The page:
At 09:16 PM 10/25/98 -0700, Marc Stiegler wrote:
>No. People will go for quicker and easier every time. Perl could not
>possibly exist in a world where simpler beat out quicker and easier. When
>simpler is also quicker and easier, no one argues. But if they are in
>conflict, they can resolve together only following a breakthrough invention.
>Until then, bet on quicker and easier as the winning strategy. As I noted in
>another context, GOTO statements continued to win until the alternatives
>were just as quick and just as easy.
I agree that people will go for quicker and easier every time. That includes us. The question is, what kind of problems are we trying to solve. Those of us who have tried to work in a rapid prototyping environment building very complex systems may have a different idea of what is quicker and easier than people who are just trying to automate a bunch of commands.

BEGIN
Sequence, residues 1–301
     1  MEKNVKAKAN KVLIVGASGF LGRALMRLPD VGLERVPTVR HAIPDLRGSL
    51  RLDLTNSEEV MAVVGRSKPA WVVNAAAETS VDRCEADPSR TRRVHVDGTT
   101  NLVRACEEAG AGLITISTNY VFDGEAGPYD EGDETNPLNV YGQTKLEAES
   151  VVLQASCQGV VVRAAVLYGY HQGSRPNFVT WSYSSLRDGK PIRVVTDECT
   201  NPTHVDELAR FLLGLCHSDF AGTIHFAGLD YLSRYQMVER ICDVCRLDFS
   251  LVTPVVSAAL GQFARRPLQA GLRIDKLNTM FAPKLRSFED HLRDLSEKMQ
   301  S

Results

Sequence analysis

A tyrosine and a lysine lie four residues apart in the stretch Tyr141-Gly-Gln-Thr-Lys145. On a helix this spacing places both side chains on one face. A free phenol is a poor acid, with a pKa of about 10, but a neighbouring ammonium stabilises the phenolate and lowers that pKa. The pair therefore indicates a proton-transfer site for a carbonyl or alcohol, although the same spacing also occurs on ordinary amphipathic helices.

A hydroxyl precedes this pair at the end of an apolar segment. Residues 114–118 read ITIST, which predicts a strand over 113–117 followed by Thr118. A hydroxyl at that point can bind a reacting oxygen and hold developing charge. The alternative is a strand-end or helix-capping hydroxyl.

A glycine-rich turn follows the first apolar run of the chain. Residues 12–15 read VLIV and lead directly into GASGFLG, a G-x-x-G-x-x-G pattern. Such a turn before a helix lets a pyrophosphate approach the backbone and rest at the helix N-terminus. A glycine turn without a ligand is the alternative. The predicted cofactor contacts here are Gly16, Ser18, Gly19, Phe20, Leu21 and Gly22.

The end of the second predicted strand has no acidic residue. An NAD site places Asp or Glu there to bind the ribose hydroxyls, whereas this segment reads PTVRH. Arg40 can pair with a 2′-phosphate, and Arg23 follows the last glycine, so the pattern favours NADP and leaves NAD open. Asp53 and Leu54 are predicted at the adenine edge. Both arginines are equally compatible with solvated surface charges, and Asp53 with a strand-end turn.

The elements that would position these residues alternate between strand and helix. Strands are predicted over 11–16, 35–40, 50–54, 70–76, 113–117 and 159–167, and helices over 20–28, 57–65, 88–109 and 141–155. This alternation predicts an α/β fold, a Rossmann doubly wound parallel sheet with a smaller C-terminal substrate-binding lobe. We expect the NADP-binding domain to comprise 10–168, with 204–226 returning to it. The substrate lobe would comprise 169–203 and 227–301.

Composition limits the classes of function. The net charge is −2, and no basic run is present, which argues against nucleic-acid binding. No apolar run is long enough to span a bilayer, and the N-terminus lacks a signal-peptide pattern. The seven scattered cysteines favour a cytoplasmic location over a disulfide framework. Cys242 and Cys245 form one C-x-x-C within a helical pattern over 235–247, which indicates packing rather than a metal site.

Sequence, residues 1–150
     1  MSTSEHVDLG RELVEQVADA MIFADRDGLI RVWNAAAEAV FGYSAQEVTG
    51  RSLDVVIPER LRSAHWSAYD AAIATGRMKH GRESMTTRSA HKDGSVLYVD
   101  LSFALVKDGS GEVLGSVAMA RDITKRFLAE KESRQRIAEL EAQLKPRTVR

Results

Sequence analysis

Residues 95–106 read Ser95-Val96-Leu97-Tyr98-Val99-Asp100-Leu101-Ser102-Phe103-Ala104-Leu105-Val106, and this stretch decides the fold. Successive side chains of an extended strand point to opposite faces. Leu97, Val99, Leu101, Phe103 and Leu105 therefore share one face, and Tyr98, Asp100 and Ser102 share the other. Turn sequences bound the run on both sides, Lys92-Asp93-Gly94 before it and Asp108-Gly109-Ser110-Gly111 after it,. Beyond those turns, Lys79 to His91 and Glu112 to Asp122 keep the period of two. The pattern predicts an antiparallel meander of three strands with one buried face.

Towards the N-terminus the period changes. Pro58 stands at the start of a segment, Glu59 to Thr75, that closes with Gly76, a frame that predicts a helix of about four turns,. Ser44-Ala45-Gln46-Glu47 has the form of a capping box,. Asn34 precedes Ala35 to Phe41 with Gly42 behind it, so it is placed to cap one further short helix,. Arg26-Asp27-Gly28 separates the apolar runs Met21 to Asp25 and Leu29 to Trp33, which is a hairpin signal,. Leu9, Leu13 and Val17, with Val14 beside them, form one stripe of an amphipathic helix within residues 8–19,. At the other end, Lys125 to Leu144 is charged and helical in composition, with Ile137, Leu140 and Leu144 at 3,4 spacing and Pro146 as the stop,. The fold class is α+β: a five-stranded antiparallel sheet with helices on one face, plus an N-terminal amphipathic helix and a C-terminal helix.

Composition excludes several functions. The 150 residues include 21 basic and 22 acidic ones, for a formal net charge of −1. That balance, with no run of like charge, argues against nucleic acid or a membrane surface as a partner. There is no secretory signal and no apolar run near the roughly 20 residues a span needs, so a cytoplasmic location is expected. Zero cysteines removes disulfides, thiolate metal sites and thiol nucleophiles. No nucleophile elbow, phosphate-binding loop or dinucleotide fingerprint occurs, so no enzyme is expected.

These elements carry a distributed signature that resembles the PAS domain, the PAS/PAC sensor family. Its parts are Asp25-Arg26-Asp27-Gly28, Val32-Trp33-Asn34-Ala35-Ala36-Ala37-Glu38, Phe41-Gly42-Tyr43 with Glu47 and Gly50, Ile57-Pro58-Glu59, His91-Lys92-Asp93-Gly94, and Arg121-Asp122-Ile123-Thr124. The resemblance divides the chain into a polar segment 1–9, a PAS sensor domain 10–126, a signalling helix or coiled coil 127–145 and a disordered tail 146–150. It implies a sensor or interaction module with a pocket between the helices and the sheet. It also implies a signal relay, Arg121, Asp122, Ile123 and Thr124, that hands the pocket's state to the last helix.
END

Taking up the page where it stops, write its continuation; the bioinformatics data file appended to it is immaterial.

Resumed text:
I think that I really only know 3 computer languages:
Machine language (for many different machines): This language includes a number of different assemblers. (And I still like GOTO. It's the comeFrom which is hard.)
Fortran: which includes Basic, and the scripting languages EXEC and REXX.
Algol: which includes C, C++, Java.
This limited set of languages, and my basic dislike of being slowed down by an unfamiliar language, is why when I need to do a complex search, I am more likely to program it in Java (or assembler on the 370) than figure out the grep pattern.
If we are trying to build a scripting language, I think we need a definition of what a scripting language is. I have always thought of a scripting language as a language which uses the commands of the underlying OS as its primitives. REXX has very good integration with VM/CMS, and was very successful there. The PC version has much poorer integration with the DOS shell, and as a result was much less successful there.
If we are doing a scripting language, to a first approximation, the only issue is integration. Inheritance, scope of variables, security etc. etc. are minor issues compared with integration.